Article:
Santo Tomás Hospital
Panamá, Republic of Panamá
Correspondence to: Rafael Andrade Alegre, MD, FCCP, Thoracic Surgery, Santo Tomás Hospital, PO Box 8748, Zone 5, Panamá, Republic of Panamá
To the Editor:
I read with interest the article published by Seelig et al
(January 1999).1Chronic diaphragmatic hernias have a high
rate of mortality and morbidity, as has been stressed by the authors.
They also represent a diagnostic and therapeutic challenge for
surgeons. There are two aspects of this report that I would like to
emphasize. First, the diagnosis of traumatic injuries of the diaphragm
should be performed ideally at an early stage (ie, in the
acute setting of the trauma). Diagnosis may be easy if diagnostic
ancillary studies are conclusive or if the patient requires an
emergency operation. Unfortunately, there are a significant number of
patients that have neither of these, and injuries to the diaphragm will
go undetected. Murray et al2 reported recently a
prospective study in which 24% of patients with penetrating trauma to
the left lower chest had occult diaphragmatic injuries. In order to
reduce this number of patients with occult diaphragmatic injuries, they
proposed performing a diagnostic laparoscopy or thoracoscopy. Minimally
invasive procedures are currently being assessed in several trauma
centers and may become the “gold standard” diagnostic modality for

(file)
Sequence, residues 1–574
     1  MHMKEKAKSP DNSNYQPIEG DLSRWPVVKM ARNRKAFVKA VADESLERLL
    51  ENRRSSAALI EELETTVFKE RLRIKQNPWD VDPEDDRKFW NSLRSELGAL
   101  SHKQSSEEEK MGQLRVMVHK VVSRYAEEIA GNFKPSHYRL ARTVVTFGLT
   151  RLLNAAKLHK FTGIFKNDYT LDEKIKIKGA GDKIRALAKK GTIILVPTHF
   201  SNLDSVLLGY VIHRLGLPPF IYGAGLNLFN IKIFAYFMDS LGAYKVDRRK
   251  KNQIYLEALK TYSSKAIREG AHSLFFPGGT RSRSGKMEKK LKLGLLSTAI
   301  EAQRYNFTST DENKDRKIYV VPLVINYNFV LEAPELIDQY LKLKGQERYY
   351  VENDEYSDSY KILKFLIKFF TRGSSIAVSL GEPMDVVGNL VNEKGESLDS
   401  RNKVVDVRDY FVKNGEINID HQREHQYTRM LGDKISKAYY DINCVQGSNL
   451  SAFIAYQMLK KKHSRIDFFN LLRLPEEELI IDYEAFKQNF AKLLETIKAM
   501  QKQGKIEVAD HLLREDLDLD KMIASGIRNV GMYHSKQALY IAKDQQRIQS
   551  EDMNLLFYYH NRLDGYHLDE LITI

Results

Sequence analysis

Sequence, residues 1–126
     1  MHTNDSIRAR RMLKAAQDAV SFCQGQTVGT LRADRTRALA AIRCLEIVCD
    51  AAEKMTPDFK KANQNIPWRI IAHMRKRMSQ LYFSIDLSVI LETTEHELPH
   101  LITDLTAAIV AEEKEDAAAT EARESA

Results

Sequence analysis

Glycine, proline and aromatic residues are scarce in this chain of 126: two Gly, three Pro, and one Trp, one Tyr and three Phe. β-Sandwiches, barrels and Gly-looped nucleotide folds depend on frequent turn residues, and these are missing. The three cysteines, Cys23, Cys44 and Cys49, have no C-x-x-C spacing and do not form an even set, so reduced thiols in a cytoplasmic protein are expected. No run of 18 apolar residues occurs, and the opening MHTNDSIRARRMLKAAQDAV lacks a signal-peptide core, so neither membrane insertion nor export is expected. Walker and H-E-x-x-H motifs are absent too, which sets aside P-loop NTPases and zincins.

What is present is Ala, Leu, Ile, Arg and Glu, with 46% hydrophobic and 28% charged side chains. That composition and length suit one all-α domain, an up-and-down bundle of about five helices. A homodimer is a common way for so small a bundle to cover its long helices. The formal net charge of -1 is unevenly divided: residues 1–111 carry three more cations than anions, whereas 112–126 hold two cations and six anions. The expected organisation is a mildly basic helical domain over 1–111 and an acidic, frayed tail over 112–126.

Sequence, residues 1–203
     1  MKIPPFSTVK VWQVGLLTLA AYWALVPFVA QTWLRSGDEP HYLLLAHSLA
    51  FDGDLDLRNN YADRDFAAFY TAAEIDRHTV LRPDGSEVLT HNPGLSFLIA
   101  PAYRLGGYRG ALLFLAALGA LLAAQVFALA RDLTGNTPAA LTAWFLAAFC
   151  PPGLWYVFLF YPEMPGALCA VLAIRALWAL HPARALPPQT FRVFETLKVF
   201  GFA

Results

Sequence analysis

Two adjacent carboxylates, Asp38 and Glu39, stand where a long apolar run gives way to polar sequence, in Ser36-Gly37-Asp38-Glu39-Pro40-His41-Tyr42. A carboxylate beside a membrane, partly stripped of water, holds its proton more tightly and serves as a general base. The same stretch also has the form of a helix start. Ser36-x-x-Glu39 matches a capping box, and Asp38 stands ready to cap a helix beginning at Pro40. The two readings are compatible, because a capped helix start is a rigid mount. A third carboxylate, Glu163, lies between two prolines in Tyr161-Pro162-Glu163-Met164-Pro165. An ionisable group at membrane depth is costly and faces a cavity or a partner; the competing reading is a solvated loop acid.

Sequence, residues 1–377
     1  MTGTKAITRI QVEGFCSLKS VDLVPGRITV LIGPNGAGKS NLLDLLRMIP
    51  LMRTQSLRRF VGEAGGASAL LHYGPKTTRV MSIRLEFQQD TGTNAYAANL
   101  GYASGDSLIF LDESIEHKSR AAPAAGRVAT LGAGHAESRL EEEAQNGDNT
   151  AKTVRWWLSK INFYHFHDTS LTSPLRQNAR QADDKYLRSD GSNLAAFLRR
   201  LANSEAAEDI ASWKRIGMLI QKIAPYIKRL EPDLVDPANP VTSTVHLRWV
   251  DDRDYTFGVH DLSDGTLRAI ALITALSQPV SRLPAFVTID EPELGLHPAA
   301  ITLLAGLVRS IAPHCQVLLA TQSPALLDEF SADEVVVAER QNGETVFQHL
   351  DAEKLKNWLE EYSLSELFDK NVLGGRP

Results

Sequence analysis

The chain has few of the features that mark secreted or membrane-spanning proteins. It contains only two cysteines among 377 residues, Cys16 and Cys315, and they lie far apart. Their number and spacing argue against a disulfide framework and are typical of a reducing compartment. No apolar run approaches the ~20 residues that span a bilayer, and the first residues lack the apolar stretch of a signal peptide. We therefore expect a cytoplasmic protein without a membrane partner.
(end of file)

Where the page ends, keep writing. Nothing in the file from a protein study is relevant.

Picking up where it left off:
ruptured diaphragms in the near future.
The second aspect I would like to point out is the surgical approach
for chronic diaphragmatic hernias. In my experience, and in that of
others,3–4 thoracotomy has a significant advantage over
laparotomy. There are two fundamental reasons for this. Diaphragmatic
hernias do not have a true hernia sac, and the reduction of larger
portions of viscera (spleen, stomach, and bowel) from the chest can be
hindered by adhesions between the abdominal and thoracic
structures,5and there can be an increased risk of causing
iatrogenic injuries due to the awkward exposure through the abdomen. On
the other hand, patients with complications such as gangrenous or
perforated viscera will rapidly develop empyema, which requires
complete drainage and complete reexpansion of the lung. The latter is
achieved by taking down adhesions and decorticating the lung. This is
best accomplished through the chest, as occurs with other traumatic
I congratulate Dr. Seelig and colleagues for bringing attention to this
difficult surgical problem.
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